Now, as you may already know, I am NOT the queen of the query letter, and my fondness for the dreaded synopsis ranks right up there with cow tripe in my list of all time favorite things. I don't have a website for my work, nor do I have a book trailer put together. That said, I have no lack of enthusiasm for my stories. I could talk about my characters all day, and I'm fortunate that the people who have read my manuscripts have done so not just once but several times and are almost as crazy as I am. Which is to say that they talk about my characters as if they are real people, too.
So when I think about some of the bland, boring queries I've sent out, I cringe. And I realize that part of the problem was that I knew too much about the story to identify the selling point. Fortunately, I've learned a little bit since I started querying. For one thing, I already have the one sentence pitch done for my current WIP, and for the next one on the list. I'm not letting myself get derailed by other aspects of the story that I've fallen in love with along the way. I'm also making darn sure I nail down the BIG concept before I write in the future.
Writing a book is a different job from selling a book, according to Casey Sherman. You have to put aside your Hemingway hat and put on your P. T. Barnum hat, and it's up to you to be able to do that to make your writing pay.
Hmmh. Making your writing pay. Novel concept.
Sherman also made a couple other great points:
The goal is to tell a story, and if you are a good storyteller your success will come.
If you can't articulate the synopsis of your book very quickly, then the reader won't as well.
I put those thoughts together with the takeaway from the other blogs I read this morning, and here is my epiphany: the need to write a query letter isn't just some arbitrary punishment agents inflict on writers because they're mean. It's an important rite of passage for the work.
If we can't articulate the reason why an agent should read our manuscript well enough to get a request for more material, how are we going to convince a potential reader to buy the book? And no, I don't believe that's the publisher's job. Hopefully we are going to have interviews and school visits and book signings to do. That's where our enthusiasm and our ability to tell a story, and to tell it well, are going to have to shine.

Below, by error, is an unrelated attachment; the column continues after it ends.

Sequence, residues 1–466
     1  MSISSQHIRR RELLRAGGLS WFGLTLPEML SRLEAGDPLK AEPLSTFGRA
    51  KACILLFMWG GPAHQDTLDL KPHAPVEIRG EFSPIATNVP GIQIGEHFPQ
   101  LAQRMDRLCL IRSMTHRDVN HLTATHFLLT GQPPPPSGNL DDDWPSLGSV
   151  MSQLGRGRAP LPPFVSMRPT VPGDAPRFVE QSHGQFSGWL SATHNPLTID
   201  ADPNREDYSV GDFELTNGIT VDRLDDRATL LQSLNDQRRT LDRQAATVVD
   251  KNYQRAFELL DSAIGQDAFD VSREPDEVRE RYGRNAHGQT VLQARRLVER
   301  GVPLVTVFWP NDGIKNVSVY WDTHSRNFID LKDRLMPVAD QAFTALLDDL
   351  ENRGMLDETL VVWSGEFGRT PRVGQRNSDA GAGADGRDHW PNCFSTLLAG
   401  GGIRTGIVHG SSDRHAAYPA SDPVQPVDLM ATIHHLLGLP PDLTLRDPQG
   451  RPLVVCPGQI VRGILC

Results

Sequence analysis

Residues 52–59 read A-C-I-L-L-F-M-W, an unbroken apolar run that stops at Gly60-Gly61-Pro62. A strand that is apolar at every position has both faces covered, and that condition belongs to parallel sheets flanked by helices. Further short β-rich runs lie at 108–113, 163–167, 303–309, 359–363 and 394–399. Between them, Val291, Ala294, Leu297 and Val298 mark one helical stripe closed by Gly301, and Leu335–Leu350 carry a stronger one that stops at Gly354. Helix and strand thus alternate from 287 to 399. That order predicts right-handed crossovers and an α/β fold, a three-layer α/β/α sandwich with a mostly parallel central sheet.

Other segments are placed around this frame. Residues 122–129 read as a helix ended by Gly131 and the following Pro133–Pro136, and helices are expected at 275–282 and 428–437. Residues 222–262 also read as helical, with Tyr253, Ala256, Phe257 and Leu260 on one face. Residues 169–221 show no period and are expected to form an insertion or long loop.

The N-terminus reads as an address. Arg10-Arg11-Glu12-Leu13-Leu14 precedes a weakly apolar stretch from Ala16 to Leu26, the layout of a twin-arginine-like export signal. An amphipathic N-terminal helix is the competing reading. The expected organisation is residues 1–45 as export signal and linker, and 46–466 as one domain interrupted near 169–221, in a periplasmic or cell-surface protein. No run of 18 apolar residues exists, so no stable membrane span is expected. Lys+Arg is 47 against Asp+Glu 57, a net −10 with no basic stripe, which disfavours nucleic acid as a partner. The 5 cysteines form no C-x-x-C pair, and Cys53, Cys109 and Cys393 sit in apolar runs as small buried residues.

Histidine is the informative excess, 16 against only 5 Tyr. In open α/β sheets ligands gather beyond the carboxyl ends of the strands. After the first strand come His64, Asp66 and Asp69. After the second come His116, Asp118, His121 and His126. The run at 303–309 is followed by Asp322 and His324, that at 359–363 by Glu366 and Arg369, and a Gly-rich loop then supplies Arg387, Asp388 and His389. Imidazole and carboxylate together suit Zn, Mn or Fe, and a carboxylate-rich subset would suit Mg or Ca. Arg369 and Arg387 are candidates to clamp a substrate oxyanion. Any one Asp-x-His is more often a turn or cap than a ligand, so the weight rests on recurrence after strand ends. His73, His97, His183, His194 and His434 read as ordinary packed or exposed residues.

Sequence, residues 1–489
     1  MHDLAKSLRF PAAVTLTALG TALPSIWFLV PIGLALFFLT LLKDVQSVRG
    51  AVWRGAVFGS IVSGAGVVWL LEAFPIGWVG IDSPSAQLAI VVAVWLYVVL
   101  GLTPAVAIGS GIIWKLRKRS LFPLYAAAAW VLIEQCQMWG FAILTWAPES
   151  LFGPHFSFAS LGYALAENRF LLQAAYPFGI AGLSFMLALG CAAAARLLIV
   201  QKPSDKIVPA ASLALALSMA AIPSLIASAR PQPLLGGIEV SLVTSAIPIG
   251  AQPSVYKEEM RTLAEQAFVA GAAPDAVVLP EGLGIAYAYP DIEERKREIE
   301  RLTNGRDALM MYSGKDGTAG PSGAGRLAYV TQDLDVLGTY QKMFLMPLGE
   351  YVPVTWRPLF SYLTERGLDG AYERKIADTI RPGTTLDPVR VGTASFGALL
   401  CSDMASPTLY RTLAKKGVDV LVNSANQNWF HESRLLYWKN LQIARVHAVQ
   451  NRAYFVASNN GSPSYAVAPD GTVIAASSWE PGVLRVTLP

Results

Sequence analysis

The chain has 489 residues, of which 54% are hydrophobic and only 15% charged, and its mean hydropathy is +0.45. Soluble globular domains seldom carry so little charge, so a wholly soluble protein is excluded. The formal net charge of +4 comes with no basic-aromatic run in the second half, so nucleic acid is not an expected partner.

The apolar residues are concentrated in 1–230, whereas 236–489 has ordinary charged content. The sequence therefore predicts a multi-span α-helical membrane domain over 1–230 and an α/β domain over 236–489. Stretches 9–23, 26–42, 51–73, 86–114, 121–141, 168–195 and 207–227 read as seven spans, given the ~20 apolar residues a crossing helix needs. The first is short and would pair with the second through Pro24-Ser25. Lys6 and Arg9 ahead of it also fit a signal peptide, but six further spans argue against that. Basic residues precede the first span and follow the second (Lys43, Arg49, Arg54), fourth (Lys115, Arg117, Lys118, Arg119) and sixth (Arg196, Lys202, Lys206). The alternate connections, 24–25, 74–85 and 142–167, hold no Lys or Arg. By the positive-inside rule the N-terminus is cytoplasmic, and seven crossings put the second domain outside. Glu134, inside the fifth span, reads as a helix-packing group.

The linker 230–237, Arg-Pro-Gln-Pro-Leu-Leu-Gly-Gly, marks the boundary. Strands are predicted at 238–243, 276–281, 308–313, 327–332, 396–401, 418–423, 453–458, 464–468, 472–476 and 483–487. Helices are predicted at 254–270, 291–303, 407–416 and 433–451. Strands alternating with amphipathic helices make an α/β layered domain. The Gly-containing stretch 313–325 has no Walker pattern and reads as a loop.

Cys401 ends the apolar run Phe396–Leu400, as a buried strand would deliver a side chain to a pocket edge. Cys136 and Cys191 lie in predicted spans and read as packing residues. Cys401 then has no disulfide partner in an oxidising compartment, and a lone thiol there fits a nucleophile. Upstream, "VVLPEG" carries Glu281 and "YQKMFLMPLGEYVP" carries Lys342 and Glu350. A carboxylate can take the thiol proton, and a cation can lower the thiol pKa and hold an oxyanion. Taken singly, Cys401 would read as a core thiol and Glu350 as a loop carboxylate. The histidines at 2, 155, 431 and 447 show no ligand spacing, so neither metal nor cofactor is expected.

So what's your book about? What's your selling point? What makes YOU love YOUR story enough to need to write it? If you can't answer that question, take time out to figure it out before you query, before you continue writing. I am convinced you will end up with a better book and a better bottom-line because you did.
Nathan Bransford asked for opinions last week about whether the query process worked. I said I thought it was probably better to have the agent read the first part of the manuscript before reading the query letter. Now I think I'm going to change my mind. I do think the query is important. But I think it works only when the writer takes the time to make the query truly reflect the work.
Someone on the BookEnds blog this morning wrote:
It still bothers me that some of us who follow directions and do our research are lumped in with those "others" who can't or those who are void of common sense.
I don't think we're lumped in with the others. Not having the "bam factor" as the above poster suggested isn't something an agent can overlook just because we followed instructions and completed the minimum requirements. I've made huge mistakes in querying--pretty much, you name it and I've goofed. I don't intend to make mistakes again, but I'm human and Murphy is not my friend. The one mistake I won't ever make again is assuming that agents will automatically be able to divine the brilliance of my manuscript, like Karnac the Magnificent, through some magical means. I have to show them, clearly and convincingly.
What do you think? I'd love to hear your thoughts....
For further reading (and listening):